OAHU, HAWAII – Hawaiians witnessed one of the most monstrous swells to ever come to the north shores of Oahu: a 70-foot swell as high as six normal transport buses on top of each other.
It’s been a week since the gigantic waves decided to travel from the sea and onto main roads and houses near the shore. The waves caused severe coastal erosion in areas, resulting in a house barely hanging onto what was left of the land beneath it, the lifeguard’s tower almost falling into the ocean and a 30-foot stretch of beach on the north of Oahu suddenly disappearing.’
“I tell everybody it was extra, extra large,” Adam Lerner, an Ocean Safety Lieutenant stationed at Chun’s Reef in Haleiwa, said.
The state’s officials shut down a 12-mile stretch of Kamehameha Highway on the north of Oahu because of the high, strong waves brought about by the swell.
Lifeguards were still on duty during the swell. They were able to save dozens of people and issued warnings around the area.
State officials to homeowners
“If you have a sea wall and your sea wall has failed, you can contact us, or contact a respective county permitting authority to determine if an emergency permit is available to repair the sea wall,” said Department of Land and Natural Resources Office of Conservation and Coastal Lands administrator Sam Lemmo.
“If you’re gonna use sand bags, I’d say feel free to use them to protect their home from flooding but try not to put the small sand bags out on the beach because they’ll only get washed away and they’ll end up out on the reef, they’ll be little protection from small sand bags,” Lemmo said.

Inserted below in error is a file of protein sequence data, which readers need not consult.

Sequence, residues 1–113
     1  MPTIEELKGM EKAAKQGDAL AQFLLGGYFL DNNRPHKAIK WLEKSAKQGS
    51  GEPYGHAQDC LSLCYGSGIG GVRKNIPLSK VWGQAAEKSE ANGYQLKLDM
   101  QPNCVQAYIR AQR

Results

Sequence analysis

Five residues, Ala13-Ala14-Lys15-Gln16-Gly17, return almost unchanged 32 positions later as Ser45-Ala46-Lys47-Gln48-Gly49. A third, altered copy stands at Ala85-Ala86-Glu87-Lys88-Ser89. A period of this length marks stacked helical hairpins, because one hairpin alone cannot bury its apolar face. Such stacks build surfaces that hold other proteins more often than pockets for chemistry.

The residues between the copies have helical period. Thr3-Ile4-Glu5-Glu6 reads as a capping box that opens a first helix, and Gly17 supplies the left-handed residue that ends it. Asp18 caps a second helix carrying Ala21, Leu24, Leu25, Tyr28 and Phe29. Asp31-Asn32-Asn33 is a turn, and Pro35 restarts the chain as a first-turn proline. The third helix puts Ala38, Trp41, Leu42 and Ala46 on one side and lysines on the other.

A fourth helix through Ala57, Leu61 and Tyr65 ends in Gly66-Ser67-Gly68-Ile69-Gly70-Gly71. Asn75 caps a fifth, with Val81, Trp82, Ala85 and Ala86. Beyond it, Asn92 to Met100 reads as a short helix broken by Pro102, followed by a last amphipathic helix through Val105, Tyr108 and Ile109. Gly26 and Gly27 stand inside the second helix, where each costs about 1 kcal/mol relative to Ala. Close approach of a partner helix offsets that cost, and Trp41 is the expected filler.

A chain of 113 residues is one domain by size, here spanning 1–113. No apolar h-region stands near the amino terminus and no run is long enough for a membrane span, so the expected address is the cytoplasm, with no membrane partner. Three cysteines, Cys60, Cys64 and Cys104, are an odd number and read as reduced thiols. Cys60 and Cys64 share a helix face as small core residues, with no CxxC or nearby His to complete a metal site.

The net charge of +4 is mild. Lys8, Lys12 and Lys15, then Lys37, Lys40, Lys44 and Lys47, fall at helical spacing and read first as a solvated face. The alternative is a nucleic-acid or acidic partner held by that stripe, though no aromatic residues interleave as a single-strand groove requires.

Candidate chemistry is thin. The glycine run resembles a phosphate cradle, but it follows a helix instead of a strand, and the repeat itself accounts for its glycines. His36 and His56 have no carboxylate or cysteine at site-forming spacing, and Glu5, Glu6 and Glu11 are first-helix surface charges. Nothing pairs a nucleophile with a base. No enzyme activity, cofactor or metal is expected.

According to the National Oceanic and Atmospheric Administration, the supposedly-weakening El Nino is seen to be the culprit of the deadly waves, one of the strongest surf events in the country in the last 50 years.
The past year saw the worst of El Nino, with events like the bizarre #Blizzard2016 that bombarded the eastern seaboard of the US and caused $2 billion in economic losses, a food crisis in countries, and the sudden drop of Thailand and Taiwan’s temperature that left dozens dead in the cold.
The National Weather Service warns people to expect another strong swell coming in after this one. The forecast is that north-facing shores will experience a rapid rise of waves that will reach 40 to 50 feet (as high as 4 buses) on Wednesday.
This next swell, however, is considered by surfers as nature giving permission to launch the “The Eddie” surfing contest this Thursday, two weeks after it was called off because of “unfavorable conditions.”
Think you can brave waves as high as the ones that hit Oahu? Tell us in the comments below!